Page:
I have always been a ‘dabbler’ when it comes to textiles and yarn – always ready to try out a new technique, pattern or craft. But with no formal training in textiles, art or design, I’ve gleaned most of my knowledge through workshops, books and City and Guild courses in patchwork and quilting and machine embroidery and just my own experimenting. I had reached the stage were I wanted to channel some of these techniques – but into what?
Then about five years ago I saw an amazing textile art exhibition in Toronto and I was inspired. This is where I could use many of the techniques I had learnt and could even develop some further.
Some things fall into place – there is a rhythm that pulls everything together at the right time. And so this journey began.
What I do
I create pictures of the landscape, trees and their habitat, rocks and pebbles. I want to capture the textures and variety of colours seen in a single tree or a forest, the mood of the environment be it stormy, cold or seasonal. I want my pictures to tell a story – maybe for each person that story will be different
This is a creative journey which is ever changing and I work from a variety of design sources, photos, sketches, memory and my imagination.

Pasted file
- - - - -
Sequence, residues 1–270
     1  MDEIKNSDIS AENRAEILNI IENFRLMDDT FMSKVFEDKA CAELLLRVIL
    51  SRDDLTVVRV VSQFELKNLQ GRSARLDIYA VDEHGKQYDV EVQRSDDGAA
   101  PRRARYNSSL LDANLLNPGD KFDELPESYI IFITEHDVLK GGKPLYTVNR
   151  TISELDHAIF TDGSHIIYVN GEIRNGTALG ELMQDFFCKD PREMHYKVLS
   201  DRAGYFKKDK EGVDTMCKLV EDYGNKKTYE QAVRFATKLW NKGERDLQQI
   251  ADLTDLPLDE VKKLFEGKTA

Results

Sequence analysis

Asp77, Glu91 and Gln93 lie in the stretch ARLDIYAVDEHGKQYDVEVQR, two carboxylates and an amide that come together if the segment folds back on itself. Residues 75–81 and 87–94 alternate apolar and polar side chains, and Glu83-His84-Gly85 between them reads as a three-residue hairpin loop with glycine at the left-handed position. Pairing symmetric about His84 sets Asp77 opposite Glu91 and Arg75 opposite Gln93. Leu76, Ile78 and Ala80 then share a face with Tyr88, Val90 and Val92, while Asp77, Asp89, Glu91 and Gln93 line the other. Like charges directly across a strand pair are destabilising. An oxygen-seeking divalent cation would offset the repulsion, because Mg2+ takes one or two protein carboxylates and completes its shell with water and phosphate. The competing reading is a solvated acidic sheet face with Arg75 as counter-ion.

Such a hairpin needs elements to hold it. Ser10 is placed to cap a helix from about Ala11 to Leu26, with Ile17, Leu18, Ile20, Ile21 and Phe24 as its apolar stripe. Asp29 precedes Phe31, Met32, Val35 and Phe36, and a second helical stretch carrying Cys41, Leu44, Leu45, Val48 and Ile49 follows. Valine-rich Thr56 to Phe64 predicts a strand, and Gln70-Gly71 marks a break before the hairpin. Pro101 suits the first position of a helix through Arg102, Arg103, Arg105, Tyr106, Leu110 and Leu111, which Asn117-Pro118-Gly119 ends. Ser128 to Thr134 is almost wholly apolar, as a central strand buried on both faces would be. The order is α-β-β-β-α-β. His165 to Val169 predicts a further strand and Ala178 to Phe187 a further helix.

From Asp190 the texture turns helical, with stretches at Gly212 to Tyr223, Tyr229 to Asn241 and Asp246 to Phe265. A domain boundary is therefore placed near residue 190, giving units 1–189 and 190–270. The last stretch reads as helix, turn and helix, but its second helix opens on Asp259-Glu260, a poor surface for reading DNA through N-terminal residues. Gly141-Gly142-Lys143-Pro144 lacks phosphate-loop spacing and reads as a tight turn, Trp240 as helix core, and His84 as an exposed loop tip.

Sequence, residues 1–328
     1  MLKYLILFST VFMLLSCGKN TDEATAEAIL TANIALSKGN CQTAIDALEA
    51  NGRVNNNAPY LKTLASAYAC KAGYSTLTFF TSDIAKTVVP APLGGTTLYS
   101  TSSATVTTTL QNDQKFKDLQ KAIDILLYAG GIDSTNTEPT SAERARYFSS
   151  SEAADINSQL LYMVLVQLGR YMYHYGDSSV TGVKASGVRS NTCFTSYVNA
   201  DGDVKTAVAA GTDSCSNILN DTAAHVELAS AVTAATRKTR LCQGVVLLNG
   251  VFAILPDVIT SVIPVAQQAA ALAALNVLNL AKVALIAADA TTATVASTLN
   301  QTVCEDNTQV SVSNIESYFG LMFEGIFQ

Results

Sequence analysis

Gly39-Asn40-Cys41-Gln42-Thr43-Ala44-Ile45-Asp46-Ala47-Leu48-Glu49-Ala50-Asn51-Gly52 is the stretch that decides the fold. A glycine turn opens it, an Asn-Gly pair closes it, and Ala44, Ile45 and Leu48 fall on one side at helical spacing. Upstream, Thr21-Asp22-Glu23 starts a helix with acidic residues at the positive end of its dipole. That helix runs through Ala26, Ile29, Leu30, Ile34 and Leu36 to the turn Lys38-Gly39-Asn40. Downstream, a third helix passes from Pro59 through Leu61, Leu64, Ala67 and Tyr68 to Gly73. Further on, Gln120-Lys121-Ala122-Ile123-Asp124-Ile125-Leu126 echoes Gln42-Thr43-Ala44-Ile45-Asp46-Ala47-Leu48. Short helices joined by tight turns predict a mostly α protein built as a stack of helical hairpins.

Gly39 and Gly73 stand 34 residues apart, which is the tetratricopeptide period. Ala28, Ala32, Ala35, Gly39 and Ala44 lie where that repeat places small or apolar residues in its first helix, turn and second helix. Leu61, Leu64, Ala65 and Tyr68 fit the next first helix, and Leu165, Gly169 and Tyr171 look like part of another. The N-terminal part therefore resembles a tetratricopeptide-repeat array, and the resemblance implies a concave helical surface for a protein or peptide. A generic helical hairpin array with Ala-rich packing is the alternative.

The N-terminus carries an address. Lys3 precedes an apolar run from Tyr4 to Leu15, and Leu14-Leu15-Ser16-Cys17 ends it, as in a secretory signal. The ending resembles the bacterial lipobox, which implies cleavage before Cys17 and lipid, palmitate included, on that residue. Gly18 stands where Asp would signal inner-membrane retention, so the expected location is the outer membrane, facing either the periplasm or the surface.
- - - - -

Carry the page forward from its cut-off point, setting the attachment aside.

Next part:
How I do it
My pictures are built up with layers of fabric using raw edge applique, net and free machine stitching. I am always looking at ways to develop my work – sometimes this is the result of happy accidents! I have developed techniques for making textured tree bark, the canopy of leaves and vegetation. I have a large stash of fabrics to choose from and favour batik and my own hand dyed cotton with the occasional use of silk. The final stitching emphasises the detail and enriches the texture. Most of my pictures take between 30 and 40 hours to complete, usually over a period of about three weeks.
I am delighted to say that my artwork is now hanging in many homes around the UK and has been shipped to homes in both Australia and Canada.